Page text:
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Evan Hughes
lordhylas
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Just when one thought things couldn't get worse, I've been abandoned in the middle of the desert.
I'm stuck in a hotel in  Moriarty, NM, with no transport (long drama filled story involving two highly irrational vindictive women, one of whom blames me for the loss of her cabin). Plans seem to be in the works, but are not yet certain.

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The canyon I live(d) in caught fire today. It was started by a cessna that crashed when the pilot tried to fly too low in a box canyon. The fire is now covering 4000 acres,  flames were reaching over 700 feet high, and it was generating multiple tornadoes and lightning. It is called the Canyon Fire near Tehachapi, and is completely consuming the canyon in which I was living.

I managed to get out safely with my kitties, some few clothes, and my laptop, but that's about it. There's a strong possibility the cabin I was living in no longer exists and that I am now homeless and have lost all my worldly possessions. 

I won't find out for a few days until they put out the fire and let people back in the canyon. 

Mostly I just wanted to let people know that my kitties and I are alive.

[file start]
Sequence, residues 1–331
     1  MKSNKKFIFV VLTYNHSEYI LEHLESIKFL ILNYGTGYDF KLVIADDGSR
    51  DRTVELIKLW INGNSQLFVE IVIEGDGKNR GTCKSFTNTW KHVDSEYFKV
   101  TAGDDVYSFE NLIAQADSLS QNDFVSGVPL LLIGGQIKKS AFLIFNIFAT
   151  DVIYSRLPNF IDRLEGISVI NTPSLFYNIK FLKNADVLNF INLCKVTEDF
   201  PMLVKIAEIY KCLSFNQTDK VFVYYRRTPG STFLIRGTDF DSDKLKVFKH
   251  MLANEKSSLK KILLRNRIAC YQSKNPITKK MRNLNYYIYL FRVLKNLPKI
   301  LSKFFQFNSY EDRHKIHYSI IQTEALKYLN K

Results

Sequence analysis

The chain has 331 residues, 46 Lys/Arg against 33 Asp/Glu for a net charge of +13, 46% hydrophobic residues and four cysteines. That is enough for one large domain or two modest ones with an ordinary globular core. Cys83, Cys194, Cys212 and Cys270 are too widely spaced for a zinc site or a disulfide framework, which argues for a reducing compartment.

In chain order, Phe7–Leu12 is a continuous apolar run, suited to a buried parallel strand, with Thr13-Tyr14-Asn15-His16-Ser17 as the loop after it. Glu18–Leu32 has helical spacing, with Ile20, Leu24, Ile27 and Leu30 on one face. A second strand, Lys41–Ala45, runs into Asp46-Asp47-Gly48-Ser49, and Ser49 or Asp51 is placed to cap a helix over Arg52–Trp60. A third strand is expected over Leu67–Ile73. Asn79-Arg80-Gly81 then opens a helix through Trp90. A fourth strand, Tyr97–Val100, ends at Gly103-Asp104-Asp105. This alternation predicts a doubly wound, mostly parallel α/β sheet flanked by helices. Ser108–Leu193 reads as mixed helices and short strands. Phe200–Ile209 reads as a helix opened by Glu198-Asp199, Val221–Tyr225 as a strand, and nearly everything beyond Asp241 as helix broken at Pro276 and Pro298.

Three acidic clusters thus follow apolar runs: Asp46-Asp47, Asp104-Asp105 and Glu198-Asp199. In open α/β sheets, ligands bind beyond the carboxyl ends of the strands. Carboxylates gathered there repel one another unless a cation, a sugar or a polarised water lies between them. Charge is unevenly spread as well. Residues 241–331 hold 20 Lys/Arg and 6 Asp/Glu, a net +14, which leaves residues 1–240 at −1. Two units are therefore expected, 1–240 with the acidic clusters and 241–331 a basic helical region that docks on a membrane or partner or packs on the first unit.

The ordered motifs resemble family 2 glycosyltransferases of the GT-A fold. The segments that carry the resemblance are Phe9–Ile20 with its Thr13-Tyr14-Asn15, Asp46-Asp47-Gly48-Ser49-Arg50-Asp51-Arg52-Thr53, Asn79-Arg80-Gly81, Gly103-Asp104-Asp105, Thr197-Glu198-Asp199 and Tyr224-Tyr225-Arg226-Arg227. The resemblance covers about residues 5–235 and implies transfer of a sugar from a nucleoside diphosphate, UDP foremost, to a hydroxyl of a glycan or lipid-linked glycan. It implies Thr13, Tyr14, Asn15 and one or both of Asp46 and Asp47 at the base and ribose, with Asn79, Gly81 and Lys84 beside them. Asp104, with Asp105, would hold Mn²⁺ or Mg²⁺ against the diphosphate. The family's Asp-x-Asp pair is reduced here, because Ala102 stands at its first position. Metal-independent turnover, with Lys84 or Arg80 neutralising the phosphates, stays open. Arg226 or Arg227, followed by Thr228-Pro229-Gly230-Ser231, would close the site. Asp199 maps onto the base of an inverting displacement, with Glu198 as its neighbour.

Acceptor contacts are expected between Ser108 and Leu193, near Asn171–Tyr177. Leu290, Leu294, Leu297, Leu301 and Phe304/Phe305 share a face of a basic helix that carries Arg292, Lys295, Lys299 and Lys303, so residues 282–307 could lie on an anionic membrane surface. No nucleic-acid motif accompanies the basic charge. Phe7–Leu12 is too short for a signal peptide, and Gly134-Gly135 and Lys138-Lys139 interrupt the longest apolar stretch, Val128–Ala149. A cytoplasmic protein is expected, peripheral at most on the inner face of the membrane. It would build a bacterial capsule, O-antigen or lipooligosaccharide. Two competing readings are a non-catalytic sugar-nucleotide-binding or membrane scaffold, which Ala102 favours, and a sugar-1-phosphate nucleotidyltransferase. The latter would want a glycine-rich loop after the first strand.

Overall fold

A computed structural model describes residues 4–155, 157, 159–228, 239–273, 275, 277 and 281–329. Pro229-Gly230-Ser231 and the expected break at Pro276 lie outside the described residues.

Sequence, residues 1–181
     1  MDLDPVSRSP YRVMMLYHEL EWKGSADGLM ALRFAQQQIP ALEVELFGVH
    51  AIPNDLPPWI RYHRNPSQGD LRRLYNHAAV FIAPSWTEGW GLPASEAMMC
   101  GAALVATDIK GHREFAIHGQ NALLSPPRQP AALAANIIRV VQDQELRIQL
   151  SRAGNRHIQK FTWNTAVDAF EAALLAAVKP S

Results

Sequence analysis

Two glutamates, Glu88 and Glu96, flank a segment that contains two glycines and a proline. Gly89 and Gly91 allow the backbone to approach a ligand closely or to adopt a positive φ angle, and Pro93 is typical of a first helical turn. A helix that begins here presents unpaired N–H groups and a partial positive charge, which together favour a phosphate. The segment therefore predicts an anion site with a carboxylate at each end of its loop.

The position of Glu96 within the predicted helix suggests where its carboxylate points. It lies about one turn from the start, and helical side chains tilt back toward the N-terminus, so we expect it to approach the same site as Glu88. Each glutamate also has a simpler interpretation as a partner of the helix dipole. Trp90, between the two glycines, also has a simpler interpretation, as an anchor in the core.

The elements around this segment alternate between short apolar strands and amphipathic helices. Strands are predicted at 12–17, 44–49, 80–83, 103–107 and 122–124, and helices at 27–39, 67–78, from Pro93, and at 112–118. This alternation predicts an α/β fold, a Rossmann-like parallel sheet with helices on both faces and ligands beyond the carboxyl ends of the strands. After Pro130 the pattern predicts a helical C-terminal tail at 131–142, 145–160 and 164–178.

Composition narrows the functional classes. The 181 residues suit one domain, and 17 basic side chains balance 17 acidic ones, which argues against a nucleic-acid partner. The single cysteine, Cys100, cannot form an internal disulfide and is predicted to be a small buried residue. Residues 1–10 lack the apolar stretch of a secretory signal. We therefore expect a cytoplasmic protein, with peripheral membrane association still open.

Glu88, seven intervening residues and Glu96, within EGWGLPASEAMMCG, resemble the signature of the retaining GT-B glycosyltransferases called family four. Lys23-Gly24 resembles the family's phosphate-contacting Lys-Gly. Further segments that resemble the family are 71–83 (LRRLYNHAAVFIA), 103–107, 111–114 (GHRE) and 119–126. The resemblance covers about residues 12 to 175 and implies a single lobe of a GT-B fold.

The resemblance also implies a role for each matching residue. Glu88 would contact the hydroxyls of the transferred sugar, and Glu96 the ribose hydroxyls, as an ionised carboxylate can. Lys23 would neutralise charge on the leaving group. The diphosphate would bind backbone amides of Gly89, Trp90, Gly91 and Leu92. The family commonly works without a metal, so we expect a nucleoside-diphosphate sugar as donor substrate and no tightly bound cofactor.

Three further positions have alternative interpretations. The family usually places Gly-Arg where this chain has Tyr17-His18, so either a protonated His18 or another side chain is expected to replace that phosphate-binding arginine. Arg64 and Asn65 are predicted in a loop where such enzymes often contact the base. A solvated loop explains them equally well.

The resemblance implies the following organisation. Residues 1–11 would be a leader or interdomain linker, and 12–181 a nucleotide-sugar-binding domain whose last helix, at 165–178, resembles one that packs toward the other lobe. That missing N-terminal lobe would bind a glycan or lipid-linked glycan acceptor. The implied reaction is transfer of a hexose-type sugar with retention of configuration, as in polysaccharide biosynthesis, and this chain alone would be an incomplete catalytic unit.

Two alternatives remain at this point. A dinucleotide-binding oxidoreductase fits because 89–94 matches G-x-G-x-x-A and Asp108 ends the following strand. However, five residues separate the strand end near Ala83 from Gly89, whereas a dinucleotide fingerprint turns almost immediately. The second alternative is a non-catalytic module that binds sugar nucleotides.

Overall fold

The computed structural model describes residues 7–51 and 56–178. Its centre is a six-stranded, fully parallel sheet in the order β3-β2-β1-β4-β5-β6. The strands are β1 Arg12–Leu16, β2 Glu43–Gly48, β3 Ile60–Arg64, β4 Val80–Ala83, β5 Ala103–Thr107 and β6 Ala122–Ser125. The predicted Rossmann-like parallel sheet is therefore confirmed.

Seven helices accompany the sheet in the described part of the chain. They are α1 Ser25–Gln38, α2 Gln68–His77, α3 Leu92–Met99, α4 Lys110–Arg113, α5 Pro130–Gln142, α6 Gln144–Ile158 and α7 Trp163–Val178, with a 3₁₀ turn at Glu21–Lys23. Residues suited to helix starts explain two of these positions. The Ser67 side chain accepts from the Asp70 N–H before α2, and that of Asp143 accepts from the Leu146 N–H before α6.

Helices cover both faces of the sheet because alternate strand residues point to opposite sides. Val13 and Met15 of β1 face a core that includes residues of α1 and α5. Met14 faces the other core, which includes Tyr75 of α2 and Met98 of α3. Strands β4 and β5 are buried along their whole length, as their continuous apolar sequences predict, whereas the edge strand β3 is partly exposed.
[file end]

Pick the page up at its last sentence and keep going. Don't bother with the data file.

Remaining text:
"Don't Be Evil." That's Google's motto, right?

Yeah, right, not when it comes to the actual money.

So, as many of you know, I've been self-publishing my stories and poems on www.deepeningwoods.com for almost 2 months now. The entire time, I've been hosting Google ads for revenue. In their TOS, Google states they do not issue payments until your ad revenue exceeds $100 in total. That occured for me about 2 days ago. 

I have lived up to the TOS of Adsense to the letter, including not even clicking on the Google Ads on my site just to check to see if they even work. Today, I received an email from Google stating that my Adsense account is disabled due to "suspicious activity" and that they will be returning ALL of the revenue (minus their share, of course) to the advertisers. 

What suspicious activity? The most ad clicks I've received in a day in the past 2 months is 7. How the hell can that be perceived as click fraud? The highest revenue in a day? $12. The total over two months? Just over $100.

Google, you are not living up to your motto. You are now shitting on the little guy. The guy who's only form of income is the ad revenue for his website and writing that he has put a lot of hard hours into producing. You are reneging on your contract, and yet still profiting off of MY hard labor. 

Friends, please, write Google and voice your displeasure. Spread this note - let people know that Google does not live up to their motto, that they reneg on their contracts, and they they don't give two whits about the little guy. About the very people from whom they are making their profits.